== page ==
|Scivias II.6: The Crucifixion.|
Rupertsberg MS, fol. 86rr.
|O virgo Ecclesia,
quod sevissimus lupus filios tuos
de latere tuo abstraxit.
O ve callido serpenti!
Sed o quam preciosus est
qui in vexillo regis
|O Virgin Mother Church,|
lament and mourn!
A savage wolf has snatched
your children from your side.
O woe to serpent’s trickery!
But O, how precious is
the Savior’s blood
that with the royal banner sealed
his bridegroom’s promise
to the Church,
he is seeking.
(You can listen to a recording of this antiphon on Sequentia’s album, Hildegard von Bingen: Voice of the Blood, via ex.fm here.)
The rubric for this antiphon in the Risenkodex (fol. 472rb) indicates that it was written for the dedication of a church, and it forms a natural pair with the antiphon that follows it, Nunc gaudeant materna, which we will look at as we celebrate the Resurrection at the end of this Holy Week. In this first antiphon of the pair, we find the Virgin Mother Church standing together with the Virgin Mother Mary beneath the beam of the cross, each a mater dolorosa grieving the schisms that have rent the body of Christ. Hildegard evocatively addressed an entire antiphon to the blood that flowed from that body—blood that cried aloud with “a voice of woe” in O cruor sanguinis. Yet in today’s antiphon, that lament is countered by the promise that Christ made on the Cross, his marriage vow to the Church:
And after these things I saw the Son of God hanging on the cross, and the aforementioned image of a woman coming forth like a bright radiance from the ancient counsel. By divine power she was led to Him, and raised herself upward so that she was sprinkled by the blood from His side; and thus, by the will of the Heavenly Father, she was joined with Him in happy betrothal and nobly dowered with His body and blood.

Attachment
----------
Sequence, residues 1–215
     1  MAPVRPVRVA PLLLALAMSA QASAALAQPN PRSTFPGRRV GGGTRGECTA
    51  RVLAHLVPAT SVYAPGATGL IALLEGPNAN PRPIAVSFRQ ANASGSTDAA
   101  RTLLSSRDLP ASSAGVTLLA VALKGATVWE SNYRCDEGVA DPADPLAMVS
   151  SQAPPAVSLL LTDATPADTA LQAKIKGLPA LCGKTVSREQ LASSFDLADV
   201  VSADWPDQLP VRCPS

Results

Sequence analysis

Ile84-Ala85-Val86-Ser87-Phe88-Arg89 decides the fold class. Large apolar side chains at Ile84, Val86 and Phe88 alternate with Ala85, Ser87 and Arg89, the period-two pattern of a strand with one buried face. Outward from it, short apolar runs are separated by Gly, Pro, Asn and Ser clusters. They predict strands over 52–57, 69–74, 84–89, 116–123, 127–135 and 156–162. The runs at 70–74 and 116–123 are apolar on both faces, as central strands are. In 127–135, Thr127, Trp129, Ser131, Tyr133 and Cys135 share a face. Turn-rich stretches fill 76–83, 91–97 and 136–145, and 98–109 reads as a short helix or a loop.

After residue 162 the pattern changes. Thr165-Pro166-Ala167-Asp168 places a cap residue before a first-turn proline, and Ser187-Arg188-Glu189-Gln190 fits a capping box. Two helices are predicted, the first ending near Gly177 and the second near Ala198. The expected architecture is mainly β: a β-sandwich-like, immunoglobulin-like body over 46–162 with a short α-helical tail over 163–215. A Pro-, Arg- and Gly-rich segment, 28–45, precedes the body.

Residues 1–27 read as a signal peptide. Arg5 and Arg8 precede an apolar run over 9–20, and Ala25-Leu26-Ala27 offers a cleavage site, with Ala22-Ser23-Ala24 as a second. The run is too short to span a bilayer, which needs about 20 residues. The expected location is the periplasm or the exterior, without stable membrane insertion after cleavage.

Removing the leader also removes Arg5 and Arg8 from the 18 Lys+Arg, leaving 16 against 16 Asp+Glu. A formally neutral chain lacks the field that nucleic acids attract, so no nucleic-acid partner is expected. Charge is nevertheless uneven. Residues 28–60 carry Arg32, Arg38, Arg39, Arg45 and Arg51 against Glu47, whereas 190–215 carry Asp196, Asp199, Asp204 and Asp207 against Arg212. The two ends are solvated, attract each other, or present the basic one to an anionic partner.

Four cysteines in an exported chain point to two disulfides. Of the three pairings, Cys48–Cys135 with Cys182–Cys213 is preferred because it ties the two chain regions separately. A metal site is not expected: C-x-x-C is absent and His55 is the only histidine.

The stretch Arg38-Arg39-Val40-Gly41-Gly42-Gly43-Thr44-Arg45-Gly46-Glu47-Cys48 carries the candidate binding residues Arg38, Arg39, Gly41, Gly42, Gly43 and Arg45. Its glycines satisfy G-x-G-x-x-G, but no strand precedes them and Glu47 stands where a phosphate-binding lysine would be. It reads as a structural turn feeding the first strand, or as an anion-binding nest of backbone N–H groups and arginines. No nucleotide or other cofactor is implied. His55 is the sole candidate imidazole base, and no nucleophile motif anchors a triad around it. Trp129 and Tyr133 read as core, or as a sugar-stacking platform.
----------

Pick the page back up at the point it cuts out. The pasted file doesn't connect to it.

And again I heard a voice from Heaven saying to Him: “May she, O Son, be your Bride for the restoration of My people; may she be a mother to them, regenerating souls through the salvation of the Spirit and water.”
—Scivias II.6, Vision
Hildegard thus links upon the Cross the Church’s two most important sacraments, the vehicles by which she administers Christ’s grace and power to the children they bear together: in the illustration of this vision from the Rupertsberg manuscript (shown above), the blood pours from his side into the chalice Ecclesia holds—the Eucharist—but also onto her head, baptizing her in his blood as he will then regenerate their children “through the salvation of the Spirit and water.”
In Ecclesia’s first appearance in Scivias (II.3), Hildegard sees her thus:
|Scivias II.3: The Church and Baptism.|
Rupertsberg MS, fol. 51r.
I saw the image of a woman as large as a great city, with a wonderful crown on her head and arms from which a splendor hung like sleeves, shining from Heaven to earth. (…) And that image spreads out its splendor like a garment, saying, “I must conceive and give birth!”
As her children then enter into her womb, she “draws them upward to her head, and they go out by her mouth,” stripped of the black garments of original sin, each now “clothed in a pure white garment.” Yet, despite the glory that surrounds these reborn children, Ecclesia knows that dark days lie ahead of them on their pilgrimage in the world:
And she, benignly gazing on them, said in a sad voice, “These children of mine will return again to dust. I conceive and bear many who oppress me, their mother, by heretical, schismatic, and useless battles, by robberies and murderers, by adultery and fornication, and by many such errors. Many of these rise again in true penitence to eternal life, but many fall in false obduracy to eternal death.”
—Scivias II.3, Vision
As often as the Church appears in Hildegard’s visions as a grand and glorious figure, towering across time and space as she mediates God’s eternal counsel, wisdom, and maternal care for his children, she also has a tendency to appear battered and bruised, the victim of her children’s domestic violence against her as she “follows [her] painful but triumphant course through history to a consummation at the end of time.”
In the years before he declared her a Doctor of the Church, Pope Benedict XVI made frequent reference to Hildegard. But her most dramatic appearance came in his address to the Roman Curia at the end of 2010. That year, the Church was wracked by a flood of new allegations throughout Europe of the clerical abuse of children and the hierarchical cover-up of scandal after scandal. In the face of such perversions, the Pope invoked the bitter condemnation found in Hildegard’s sermon to the clergy at Kirchheim: